Why did Edward VIII abdicate in 1936?
Edward VIII (23 June 1894 – 28 May 1972) was King of the United Kingdom and the Dominions of the British Empire, and Emperor of India from 20 January 1936 until his abdication in December of the same year.
Edward was born during the reign of his great-grandmother Queen Victoria as the eldest child of the Duke and Duchess of York, later King George V and Queen Mary. He was created Prince of Wales on his 16th birthday, seven weeks after his father succeeded as king. As a young man, Edward served in the British Army during the First World War and undertook several overseas tours on behalf of his father.
Only months into his reign, a constitutional crisis was caused by his proposal to marry Wallis Simpson, an American who had divorced her first husband and was seeking a divorce from her second. The prime ministers of the United Kingdom and the Dominions opposed the marriage, arguing a divorced woman with two living ex-husbands was politically and socially unacceptable as a prospective queen consort. Additionally, such a marriage would have conflicted with Edward's status as titular head of the Church of England, which, at the time, disapproved of remarriage after divorce if a former spouse was still alive. When it became apparent he could not marry Wallis and remain on the throne, he abdicated.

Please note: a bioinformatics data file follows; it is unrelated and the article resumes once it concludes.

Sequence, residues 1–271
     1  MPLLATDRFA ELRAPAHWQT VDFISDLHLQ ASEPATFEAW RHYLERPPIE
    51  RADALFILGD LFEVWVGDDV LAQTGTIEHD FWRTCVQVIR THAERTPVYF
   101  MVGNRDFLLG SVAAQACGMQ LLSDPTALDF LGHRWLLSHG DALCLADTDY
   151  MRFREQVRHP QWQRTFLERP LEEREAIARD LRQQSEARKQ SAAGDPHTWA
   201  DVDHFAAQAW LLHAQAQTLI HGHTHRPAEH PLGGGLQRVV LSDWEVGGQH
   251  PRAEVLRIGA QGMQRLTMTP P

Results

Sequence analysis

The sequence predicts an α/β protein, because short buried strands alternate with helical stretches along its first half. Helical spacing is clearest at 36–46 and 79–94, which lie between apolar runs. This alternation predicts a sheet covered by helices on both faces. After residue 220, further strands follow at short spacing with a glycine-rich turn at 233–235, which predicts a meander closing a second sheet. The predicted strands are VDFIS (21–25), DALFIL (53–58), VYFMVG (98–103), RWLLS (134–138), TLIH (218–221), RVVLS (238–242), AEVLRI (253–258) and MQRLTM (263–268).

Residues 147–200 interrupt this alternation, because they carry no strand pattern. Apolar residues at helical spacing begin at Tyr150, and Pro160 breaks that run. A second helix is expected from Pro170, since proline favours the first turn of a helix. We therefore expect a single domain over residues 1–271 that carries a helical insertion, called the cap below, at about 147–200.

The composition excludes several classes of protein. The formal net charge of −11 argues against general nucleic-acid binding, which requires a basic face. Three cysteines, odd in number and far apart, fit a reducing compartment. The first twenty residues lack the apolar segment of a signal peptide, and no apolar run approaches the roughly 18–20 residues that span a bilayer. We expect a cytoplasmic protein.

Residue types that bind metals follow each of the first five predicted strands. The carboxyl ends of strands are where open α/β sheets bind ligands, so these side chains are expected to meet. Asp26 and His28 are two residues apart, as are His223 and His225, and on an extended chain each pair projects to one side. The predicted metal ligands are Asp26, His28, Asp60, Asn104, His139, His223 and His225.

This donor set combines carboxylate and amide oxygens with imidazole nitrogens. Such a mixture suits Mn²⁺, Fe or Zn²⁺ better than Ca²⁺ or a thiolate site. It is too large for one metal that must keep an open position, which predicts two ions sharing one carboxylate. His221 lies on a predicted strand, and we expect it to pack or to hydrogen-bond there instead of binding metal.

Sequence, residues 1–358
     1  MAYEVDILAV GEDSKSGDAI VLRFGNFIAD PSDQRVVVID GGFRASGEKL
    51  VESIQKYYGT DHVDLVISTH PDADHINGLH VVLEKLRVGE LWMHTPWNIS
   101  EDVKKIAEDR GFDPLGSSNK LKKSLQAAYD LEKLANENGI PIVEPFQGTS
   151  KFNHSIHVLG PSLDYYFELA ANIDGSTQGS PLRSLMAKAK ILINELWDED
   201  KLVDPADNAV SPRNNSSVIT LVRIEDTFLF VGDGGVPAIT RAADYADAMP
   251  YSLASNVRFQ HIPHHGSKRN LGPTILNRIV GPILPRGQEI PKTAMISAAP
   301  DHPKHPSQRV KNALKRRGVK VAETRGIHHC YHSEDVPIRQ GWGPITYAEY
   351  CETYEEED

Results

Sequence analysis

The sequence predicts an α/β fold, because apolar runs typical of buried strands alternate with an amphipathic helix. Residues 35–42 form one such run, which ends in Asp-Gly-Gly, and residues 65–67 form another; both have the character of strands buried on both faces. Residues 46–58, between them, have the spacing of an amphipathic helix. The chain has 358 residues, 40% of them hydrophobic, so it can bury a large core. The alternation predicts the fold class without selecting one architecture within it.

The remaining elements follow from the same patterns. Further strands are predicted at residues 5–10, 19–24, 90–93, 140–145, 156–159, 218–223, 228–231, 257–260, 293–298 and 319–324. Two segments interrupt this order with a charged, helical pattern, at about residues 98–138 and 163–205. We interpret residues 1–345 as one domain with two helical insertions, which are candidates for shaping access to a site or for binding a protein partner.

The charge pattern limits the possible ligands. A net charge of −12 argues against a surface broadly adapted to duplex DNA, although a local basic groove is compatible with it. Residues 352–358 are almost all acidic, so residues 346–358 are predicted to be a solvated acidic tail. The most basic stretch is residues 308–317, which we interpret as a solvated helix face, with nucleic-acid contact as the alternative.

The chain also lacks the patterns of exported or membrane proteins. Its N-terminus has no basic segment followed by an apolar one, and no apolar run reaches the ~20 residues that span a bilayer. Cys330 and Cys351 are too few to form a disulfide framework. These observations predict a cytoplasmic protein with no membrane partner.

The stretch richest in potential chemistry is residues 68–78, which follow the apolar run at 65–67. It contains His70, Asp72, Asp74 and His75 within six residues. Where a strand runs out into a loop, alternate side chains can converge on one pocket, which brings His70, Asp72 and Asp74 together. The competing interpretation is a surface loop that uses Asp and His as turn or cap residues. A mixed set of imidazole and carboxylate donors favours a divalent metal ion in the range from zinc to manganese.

After his abdication, Edward was created Duke of Windsor. He married Wallis in France on 3 June 1937, after her second divorce became final.